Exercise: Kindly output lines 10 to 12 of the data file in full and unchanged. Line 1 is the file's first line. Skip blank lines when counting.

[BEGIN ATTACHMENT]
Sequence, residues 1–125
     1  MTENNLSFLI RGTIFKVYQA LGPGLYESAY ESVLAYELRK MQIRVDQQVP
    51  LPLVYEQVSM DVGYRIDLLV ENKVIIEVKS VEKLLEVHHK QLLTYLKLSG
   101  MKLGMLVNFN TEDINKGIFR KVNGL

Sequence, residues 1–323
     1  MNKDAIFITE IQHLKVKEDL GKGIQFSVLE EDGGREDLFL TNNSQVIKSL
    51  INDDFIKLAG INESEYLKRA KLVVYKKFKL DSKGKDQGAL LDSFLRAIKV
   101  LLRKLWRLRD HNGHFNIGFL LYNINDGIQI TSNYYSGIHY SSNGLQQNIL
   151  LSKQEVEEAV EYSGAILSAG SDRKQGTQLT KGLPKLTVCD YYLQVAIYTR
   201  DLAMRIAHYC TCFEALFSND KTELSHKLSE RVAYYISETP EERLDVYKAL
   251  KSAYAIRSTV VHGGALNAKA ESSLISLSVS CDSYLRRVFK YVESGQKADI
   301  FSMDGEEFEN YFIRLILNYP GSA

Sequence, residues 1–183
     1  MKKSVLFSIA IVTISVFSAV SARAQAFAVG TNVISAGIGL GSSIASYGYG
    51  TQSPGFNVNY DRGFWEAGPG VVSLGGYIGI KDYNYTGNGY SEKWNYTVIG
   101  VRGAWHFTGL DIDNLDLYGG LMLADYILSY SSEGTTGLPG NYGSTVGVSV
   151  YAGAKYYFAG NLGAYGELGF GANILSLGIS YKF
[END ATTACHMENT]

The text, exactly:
   201  DLAMRIAHYC TCFEALFSND KTELSHKLSE RVAYYISETP EERLDVYKAL
   251  KSAYAIRSTV VHGGALNAKA ESSLISLSVS CDSYLRRVFK YVESGQKADI
   301  FSMDGEEFEN YFIRLILNYP GSA